New owners showcase cemetery

Published 12:00 am Thursday, November 24, 2005

Carver Memorial Cemetery, beleaguered by a history of problems created by its former owners, has turned a corner.

Bishop Ted Thomas Sr., a religious leader with the Church of God in Christ in Portsmouth, and Richard Tavss, a Norfolk attorney, bought the East Washington Street cemetery that has historically served Suffolk’s black community last June.

Since buying the property at auction, the two have made significant enhancements.


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Last Monday, during an event at the Hilton Garden Inn and Suffolk Conference Center, the pair unveiled those improvements before more than 150 Hampton Roads’ funeral home representatives.

Along with clearing the site, cutting grass, and designing a new entrance complete with gas lights, Tavss and Thomas have renovated the office at the cemetery, said Gail Turner, sales manager at the cemetery.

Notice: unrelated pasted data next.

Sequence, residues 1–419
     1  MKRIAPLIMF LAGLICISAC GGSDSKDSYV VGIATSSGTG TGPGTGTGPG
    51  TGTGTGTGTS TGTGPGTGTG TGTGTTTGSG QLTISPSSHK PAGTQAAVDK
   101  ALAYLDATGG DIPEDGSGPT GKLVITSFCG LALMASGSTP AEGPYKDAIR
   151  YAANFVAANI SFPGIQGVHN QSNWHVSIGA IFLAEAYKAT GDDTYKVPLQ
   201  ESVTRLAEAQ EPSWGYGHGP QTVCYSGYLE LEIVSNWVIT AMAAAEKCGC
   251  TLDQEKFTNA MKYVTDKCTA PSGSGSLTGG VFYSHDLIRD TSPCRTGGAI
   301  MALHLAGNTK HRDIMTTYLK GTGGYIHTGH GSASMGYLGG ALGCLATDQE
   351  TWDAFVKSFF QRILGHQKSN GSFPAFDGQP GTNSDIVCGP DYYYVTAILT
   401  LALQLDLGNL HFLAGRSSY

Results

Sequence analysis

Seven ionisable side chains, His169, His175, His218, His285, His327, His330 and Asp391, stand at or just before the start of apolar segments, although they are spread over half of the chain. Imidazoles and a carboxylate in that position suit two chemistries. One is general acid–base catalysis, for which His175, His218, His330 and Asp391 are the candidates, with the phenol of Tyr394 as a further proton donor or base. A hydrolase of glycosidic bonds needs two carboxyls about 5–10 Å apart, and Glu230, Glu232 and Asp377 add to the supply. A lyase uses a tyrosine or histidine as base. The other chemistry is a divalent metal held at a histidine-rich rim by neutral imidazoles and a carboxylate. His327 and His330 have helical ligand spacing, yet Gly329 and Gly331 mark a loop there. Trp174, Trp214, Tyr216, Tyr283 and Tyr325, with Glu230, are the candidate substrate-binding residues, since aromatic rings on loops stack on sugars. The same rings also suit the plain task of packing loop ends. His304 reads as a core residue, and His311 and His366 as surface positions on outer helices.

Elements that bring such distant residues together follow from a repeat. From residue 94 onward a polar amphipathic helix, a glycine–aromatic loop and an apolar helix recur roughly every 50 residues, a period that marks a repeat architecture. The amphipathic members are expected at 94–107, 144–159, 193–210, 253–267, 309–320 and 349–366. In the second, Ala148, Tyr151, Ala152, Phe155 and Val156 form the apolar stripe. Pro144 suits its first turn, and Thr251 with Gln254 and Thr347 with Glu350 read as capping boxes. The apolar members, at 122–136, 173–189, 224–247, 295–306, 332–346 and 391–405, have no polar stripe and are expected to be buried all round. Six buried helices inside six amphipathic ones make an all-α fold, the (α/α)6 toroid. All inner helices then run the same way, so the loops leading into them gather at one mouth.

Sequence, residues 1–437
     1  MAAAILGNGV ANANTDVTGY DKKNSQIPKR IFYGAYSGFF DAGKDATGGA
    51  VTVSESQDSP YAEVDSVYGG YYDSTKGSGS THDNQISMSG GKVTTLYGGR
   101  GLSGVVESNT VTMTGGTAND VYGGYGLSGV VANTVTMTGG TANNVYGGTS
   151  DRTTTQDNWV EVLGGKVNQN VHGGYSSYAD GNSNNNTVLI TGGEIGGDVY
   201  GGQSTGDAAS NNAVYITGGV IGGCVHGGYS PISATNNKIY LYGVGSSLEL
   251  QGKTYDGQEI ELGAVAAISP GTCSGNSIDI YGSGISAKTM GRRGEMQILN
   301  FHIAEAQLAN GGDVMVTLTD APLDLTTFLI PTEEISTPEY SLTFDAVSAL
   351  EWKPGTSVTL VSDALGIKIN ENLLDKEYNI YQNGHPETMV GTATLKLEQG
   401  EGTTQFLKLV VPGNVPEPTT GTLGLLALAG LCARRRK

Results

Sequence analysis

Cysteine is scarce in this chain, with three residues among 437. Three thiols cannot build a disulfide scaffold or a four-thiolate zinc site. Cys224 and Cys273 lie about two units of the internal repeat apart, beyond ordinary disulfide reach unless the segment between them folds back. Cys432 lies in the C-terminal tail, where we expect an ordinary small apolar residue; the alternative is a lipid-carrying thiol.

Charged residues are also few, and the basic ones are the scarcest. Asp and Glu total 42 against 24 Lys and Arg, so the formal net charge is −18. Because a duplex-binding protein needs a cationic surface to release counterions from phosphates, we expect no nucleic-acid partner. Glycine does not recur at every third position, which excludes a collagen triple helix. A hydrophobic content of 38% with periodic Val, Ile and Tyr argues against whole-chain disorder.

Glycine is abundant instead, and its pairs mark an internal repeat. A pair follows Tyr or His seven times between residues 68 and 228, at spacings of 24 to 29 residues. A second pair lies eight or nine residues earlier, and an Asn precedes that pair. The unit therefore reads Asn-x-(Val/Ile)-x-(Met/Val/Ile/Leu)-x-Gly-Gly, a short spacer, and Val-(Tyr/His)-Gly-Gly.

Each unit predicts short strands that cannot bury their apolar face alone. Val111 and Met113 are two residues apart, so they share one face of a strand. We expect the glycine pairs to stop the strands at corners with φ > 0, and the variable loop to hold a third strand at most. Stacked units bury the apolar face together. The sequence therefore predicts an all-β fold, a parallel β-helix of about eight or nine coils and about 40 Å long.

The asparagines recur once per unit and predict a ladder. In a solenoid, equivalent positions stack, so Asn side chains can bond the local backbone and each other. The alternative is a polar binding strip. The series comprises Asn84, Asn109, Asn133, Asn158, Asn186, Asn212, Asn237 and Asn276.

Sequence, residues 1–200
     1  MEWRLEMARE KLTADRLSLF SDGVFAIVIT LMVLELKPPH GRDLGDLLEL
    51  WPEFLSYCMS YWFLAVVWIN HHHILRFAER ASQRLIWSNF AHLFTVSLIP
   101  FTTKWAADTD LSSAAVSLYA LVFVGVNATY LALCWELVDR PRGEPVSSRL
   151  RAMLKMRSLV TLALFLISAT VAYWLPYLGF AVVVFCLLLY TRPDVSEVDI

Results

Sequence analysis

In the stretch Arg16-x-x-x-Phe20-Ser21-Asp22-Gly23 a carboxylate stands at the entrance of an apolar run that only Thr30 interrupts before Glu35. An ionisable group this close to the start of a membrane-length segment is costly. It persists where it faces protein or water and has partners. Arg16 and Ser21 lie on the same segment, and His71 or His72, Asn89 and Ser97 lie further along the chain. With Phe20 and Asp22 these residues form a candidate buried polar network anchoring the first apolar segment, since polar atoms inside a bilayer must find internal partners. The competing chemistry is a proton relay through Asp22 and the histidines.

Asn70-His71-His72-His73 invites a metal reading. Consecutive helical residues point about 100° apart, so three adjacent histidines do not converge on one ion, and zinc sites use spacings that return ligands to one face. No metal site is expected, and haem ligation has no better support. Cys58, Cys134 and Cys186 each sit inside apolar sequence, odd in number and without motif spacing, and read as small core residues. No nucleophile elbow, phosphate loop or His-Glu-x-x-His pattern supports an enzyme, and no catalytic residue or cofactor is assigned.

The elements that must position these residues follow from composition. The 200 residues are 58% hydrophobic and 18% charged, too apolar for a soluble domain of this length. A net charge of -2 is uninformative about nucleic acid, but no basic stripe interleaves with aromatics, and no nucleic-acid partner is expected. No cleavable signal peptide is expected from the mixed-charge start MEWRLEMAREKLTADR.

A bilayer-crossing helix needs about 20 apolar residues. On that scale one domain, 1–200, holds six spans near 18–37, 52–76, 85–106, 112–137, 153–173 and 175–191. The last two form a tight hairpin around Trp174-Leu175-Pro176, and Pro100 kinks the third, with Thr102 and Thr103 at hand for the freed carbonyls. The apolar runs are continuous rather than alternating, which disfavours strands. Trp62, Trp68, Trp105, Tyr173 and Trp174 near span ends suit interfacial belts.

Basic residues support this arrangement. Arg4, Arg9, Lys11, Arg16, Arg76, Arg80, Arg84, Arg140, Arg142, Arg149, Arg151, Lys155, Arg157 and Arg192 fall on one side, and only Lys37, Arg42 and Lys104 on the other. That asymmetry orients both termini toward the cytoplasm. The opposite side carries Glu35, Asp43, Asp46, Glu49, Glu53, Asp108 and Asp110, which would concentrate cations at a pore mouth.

A mausoleum with more than 400 crypts and an 80-seat chapel is under construction, Turner said. The building will be complete next year.

“Carver Memorial Cemetery is now ready to serve the interment needs of Suffolk and become an asset to the city,” said Turner.

Several city officials were among the guests at Monday’s event, including Assistant City Manager Selena Cuffee-Glenn, Planning Director Scott Mills and City Councilman Joseph Barlow.

Although Mayor Bobby L. Ralph did not attend, he believes the new owners’ investments in the cemetery are paying off.

”I think things are positive and on the upswing at Carver Memorial Cemetery,” said Ralph. “Things are looking positive and they are working hard to make things work.”

Over the last five years, the cemetery has switched hands twice.

The city auctioned off the property for back taxes owed by former owner Abraham Applewhite, who had his funeral director’s license revoked by the state.

Two Virginia Beach investors, William Mann and W. Michael Robinson, bought the cemetery at auction two years ago. They decided to sell the property earlier this year in order to get it back into the hands of a professional cemetery operator.

Staff writer Allison T. Williams contributed to this story.